I appreciate much the work of my fellow Calvinist laborers for the kingdom of God.  I appreciate that many of them are taking the gospel to the lost and they are preaching repentance to all.  As Dr. Forlines is quoted as saying, “Calvinists are Arminians until they say something Calvinistic.”  My fellow Calvinist preachers will plead with the lost to be saved, will call all to repent, will preach the cross and the call of God to forsake their sins and come to Christ alone for salvation.  A few (and not all) will even preach that God loves the lost sinner and will point to the cross as proof of this love (Romans 5:8-9; cf John 3:16).  And for all this I am grateful.

Yet Calvinists are monergists.  They will often accuse Arminians as being synergists and will make statements like, “Arminians believe that man must do his part and God does His part” or “God will meet the Arminian half way down the isle to salvation.”  Because Arminians preach that all can be saved who place their faith in Christ alone, we are said to be teaching “works righteousness” and that we are telling people to do their part to be saved and God will do the rest.

I honestly have never heard a true monergist evangelist.  I would love to hear one.  The message would have to be all on God and not on man.  Further, the message of salvation would have to be, “You can do nothing.  You can’t even hear me unless you are regenerate for dead sinners cannot hear the voice of God.  You must just lay there like Lazarus and allow the Holy Spirit to raise you up when Jesus calls you but I can’t do that and you can’t do that.  Only Jesus can do that.”  That is true monergism.

Now let me be fair here.  Calvinists preach the gospel for the same reason that I preach the gospel: because God said to (Matthew 28:19; Romans 10:14-17).  Calvinists preach repentance like I do because God told us to (Luke 24:47).  Calvinists agree that the Lord uses the means of grace to draw sinners to salvation (the preaching of the gospel) and I agree (1 Corinthians 1:18-21).  Calvinists and I agree that the Holy Spirit must work on the sinner to bring them to salvation (John 6:44; 16:8-11).  Calvinists and I even agree that prayer for the lost is biblical and necessary (Romans 10:1; 1 Timothy 2:1-7).

Yet Calvinists believe that nothing and no one but God can save the sinner.  Yet they plead with sinners to be saved.  They pray for sinners to be saved.  Yet nothing and no one aids the sinner but the Spirit in bringing salvation to the lost sinner.  They exhort sinners to call upon the name of the Lord (Romans 10:13) and to repent of their sins (Acts 17:30-31; 2 Corinthians 7:10) but none can do that but God alone.  And if they didn’t do any of this: the elect would still be saved somehow by God’s sovereign means.

So why preach?  Why pray?  Why plead?  Why reason?  Why call for repentance and faith in the Lord Jesus?  I agree that God calls us to do this but what role does this play in the saving of sinners?  If you say none then again, why do it at all?  If you say, “Because God has sovereignly chosen to use this to save sinners” (and I agree) then does God use our roles to bring sinners to salvation?  If so, is this monergistic salvation?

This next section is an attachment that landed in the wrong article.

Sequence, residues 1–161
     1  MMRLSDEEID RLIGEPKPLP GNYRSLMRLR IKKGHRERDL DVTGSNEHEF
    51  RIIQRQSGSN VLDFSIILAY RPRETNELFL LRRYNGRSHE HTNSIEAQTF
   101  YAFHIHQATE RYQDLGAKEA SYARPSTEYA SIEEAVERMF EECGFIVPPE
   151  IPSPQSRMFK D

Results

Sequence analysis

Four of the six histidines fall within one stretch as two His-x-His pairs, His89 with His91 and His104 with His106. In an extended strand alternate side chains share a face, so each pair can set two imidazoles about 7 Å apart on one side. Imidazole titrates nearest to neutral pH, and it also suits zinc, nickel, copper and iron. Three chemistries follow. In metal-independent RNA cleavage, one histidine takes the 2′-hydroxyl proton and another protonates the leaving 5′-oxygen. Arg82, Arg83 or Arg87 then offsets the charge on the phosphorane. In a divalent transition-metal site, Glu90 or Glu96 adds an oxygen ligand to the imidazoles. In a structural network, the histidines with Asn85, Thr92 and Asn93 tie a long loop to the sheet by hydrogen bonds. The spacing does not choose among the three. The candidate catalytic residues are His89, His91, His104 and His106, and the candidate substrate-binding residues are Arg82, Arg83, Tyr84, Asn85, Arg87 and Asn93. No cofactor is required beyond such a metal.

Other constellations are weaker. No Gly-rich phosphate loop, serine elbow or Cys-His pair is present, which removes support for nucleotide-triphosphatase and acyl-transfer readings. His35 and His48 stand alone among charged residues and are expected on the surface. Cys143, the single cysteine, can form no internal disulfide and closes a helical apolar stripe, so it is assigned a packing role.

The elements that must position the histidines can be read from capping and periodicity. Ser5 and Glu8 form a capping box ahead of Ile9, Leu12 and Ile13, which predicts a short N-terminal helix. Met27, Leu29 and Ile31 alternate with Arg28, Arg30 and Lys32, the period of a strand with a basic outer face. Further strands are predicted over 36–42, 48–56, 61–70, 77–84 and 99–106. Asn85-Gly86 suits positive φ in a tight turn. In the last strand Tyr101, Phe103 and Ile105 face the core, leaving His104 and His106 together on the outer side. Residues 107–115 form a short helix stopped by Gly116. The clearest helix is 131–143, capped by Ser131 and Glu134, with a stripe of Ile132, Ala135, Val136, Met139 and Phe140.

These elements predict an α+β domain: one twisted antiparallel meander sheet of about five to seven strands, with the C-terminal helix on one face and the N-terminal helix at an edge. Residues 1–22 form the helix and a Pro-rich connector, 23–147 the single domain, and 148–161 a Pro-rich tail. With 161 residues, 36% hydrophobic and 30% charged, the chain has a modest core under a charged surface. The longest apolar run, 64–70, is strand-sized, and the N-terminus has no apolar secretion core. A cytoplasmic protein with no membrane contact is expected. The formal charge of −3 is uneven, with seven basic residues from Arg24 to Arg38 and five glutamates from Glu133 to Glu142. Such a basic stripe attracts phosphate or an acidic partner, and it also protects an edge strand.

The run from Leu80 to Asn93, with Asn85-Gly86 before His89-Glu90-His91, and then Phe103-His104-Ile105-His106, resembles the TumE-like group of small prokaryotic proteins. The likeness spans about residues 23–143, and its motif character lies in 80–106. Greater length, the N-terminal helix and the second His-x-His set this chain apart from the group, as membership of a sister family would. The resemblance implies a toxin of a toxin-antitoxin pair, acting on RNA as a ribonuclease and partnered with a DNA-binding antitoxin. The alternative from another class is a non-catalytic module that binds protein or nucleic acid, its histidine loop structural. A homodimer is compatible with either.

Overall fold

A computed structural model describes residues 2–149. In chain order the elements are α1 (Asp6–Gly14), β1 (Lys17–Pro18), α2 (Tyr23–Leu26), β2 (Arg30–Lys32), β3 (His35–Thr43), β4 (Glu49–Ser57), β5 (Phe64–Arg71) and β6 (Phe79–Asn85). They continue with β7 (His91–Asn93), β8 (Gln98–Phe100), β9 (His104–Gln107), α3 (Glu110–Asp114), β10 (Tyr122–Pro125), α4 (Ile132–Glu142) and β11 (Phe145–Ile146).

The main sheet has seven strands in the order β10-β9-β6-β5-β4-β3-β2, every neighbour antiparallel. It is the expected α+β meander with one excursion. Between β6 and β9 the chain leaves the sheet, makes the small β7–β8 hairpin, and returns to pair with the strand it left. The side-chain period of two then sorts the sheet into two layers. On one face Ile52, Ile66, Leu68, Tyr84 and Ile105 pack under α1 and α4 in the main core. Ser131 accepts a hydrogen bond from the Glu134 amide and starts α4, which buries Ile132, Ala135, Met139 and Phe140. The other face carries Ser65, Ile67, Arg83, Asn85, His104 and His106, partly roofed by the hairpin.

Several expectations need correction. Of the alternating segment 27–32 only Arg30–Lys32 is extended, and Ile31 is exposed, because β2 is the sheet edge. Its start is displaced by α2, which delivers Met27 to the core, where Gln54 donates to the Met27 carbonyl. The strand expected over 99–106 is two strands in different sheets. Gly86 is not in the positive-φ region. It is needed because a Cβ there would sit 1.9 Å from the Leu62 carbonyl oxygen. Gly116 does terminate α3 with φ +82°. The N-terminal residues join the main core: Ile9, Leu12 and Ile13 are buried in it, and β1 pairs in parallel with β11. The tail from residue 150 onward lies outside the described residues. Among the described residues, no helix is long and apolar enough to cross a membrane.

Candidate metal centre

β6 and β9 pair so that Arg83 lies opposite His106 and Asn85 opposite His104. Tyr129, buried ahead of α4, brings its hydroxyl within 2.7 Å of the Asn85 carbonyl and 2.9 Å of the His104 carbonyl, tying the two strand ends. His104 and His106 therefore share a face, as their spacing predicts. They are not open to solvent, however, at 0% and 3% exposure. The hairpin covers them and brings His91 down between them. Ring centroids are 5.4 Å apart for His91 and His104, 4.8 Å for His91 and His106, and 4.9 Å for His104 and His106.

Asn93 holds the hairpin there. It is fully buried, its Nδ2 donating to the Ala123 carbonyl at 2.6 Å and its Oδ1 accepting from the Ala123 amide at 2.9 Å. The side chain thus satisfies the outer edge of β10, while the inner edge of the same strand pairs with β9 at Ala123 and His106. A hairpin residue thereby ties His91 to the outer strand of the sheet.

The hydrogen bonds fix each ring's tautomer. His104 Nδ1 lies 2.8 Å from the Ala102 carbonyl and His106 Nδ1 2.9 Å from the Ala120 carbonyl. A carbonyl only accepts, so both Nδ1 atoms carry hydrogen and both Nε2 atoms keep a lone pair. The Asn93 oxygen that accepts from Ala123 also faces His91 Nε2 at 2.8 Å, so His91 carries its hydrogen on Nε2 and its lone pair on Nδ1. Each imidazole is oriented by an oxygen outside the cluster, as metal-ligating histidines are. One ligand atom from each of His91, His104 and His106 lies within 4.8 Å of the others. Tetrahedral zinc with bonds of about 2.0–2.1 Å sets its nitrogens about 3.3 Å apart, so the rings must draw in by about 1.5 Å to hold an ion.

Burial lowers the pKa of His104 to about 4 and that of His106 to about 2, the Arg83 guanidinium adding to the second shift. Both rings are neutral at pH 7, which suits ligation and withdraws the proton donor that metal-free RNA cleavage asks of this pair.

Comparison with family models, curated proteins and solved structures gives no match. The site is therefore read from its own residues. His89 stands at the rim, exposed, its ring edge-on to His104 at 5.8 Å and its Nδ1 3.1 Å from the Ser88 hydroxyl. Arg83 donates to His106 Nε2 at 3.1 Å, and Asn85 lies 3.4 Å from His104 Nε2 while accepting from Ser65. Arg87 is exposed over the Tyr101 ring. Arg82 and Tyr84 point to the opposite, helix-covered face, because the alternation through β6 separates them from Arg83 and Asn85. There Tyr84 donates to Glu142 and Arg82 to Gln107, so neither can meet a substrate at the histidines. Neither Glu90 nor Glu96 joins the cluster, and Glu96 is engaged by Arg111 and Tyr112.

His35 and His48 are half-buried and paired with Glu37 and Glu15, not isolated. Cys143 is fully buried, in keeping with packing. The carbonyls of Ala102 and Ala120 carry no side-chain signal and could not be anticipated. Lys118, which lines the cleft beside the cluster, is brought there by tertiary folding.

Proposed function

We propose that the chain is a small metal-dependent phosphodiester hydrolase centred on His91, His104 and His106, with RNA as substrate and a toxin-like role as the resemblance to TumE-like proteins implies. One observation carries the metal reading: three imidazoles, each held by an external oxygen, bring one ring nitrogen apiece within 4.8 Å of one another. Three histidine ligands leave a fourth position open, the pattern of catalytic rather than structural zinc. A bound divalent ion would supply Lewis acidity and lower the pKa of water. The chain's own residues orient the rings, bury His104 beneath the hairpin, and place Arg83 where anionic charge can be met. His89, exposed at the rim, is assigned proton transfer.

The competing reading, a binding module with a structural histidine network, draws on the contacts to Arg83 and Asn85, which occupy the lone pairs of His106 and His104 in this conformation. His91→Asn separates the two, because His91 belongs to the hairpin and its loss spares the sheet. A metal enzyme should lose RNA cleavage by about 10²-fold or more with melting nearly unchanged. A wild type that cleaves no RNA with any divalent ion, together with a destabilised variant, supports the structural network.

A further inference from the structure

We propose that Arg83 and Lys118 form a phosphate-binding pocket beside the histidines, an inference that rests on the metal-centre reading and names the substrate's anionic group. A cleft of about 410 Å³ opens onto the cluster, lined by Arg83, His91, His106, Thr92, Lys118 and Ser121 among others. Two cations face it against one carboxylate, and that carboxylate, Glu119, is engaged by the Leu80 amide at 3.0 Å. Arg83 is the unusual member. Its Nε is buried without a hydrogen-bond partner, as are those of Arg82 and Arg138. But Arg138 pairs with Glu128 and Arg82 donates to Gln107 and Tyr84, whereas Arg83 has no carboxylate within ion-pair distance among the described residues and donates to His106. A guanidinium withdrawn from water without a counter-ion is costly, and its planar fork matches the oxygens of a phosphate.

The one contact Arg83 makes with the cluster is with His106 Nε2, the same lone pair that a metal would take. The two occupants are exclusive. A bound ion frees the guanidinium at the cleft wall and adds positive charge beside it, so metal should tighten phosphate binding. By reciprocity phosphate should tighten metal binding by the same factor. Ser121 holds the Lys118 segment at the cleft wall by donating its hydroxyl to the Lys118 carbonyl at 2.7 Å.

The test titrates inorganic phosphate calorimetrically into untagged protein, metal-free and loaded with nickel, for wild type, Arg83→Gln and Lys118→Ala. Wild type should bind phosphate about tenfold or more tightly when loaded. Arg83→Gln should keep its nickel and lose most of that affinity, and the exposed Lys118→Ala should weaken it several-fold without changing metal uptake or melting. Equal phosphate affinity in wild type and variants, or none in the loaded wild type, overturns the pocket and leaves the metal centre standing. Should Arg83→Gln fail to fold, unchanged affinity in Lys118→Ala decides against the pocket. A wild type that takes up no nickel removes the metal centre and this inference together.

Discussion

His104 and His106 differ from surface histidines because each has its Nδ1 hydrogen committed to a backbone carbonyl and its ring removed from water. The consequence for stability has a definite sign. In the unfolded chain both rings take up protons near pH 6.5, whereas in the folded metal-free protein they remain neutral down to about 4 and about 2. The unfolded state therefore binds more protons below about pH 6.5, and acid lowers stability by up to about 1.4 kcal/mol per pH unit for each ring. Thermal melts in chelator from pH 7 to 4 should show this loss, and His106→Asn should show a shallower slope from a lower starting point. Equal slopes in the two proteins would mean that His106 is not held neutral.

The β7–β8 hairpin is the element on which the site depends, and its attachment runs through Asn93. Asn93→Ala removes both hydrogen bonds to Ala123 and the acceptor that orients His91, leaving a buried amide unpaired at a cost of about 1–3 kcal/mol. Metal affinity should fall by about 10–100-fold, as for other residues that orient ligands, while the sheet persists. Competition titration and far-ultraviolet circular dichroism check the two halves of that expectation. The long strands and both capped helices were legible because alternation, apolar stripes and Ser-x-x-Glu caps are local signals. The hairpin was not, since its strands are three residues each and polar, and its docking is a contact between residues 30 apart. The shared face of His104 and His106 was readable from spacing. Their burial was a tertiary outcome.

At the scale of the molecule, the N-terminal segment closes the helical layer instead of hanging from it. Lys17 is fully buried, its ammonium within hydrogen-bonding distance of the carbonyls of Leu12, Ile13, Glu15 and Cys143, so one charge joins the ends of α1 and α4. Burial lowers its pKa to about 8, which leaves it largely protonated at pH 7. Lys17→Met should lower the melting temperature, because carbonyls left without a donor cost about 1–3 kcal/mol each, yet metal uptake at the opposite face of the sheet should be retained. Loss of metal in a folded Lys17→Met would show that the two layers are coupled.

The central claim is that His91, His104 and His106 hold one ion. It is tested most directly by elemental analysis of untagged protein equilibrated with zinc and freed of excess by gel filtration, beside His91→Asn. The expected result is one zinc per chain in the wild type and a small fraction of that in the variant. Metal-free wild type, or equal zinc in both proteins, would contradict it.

The Arminian answer is this: God does save sinners by His own power (John 1:12-13).  I don’t doubt one bit that the work of salvation is accomplished by the Lord Jesus Christ on the cross (John 19:30) and that His blood alone can save the lost sinner (Luke 19:10; cf. Matthew 26:28).  I don’t doubt that the humble sinner who comes to Christ will find in Him true salvation from their sins (Matthew 1:21; John 6:37).  I don’t doubt that the humble sinner must recognize their own sinfulness to be saved from their sins (Romans 3:23-24) and that Christ alone is able to cleanse them from their sins (Acts 13:38-39).  I don’t deny that the work of the Spirit is to draw the sinner to salvation and that without His aid, none could be saved for none seek after God (Romans 3:10-18).  I don’t doubt that human works play no role in our salvation (Romans 4:5).  Good works flow from our salvation (Titus 2:11-14; James 2:14-26).

Yet the Spirit does not make us believe apart from our own will.  The Spirit frees the bound will so that the sinner hears the gospel and out of their own free will look to Christ alone to save them.  The freed sinner doesn’t look to their own moral goodness (Romans 3:19-20) but to the cross alone to set them free from the wrath of God (Romans 1:16-17).  The Spirit enables the sinner to believe but He doesn’t believe for the sinner. When the sinner repents, they are born again (John 3:3-7; Acts 2:38; 3:19-20; 16:30-34).  When they repent, they receive the gift of the Holy Spirit (Ephesians 1:13-14).  We receive the promised Spirit through faith (Galatians 3:14) and become children of the living God (Galatians 3:26).  The Spirit works in all of this for the glory of God.

I believe the Lord Jesus has done everything for our salvation.  We add nothing to His work.  The sinner, however, must receive the free gift of salvation (Romans 6:23) and this is accomplished by the means of grace: the preaching of the gospel, the prayers of the saints for the lost sinner, the call to repentance.  We don’t work with Christ to be saved but we trust only in His cross to save us (Ephesians 2:8-9; Titus 3:5-7).  And when a sinner does this they find (just as all true disciples do) that the Spirit of God heard the cries of the saints, opened their eyes, exposed them to the gospel, freed them to believe and receive, and He then seals them.  We find that the work of salvation is not our work but His work alone (Jonah 2:9).

So again, why pray for the lost?  Why preach to the lost?  Why plead with the lost?  Because God is faithful to save those who cry out to Him (Acts 2:21) but the sinner must hear to be saved (Romans 10:17).  God works through the Church to bring sinners to Himself.  This is His plan and His pattern.  We need not change that now.  We need only join in the battle for souls by preaching His gospel to the lost and allow Him to save those who believe.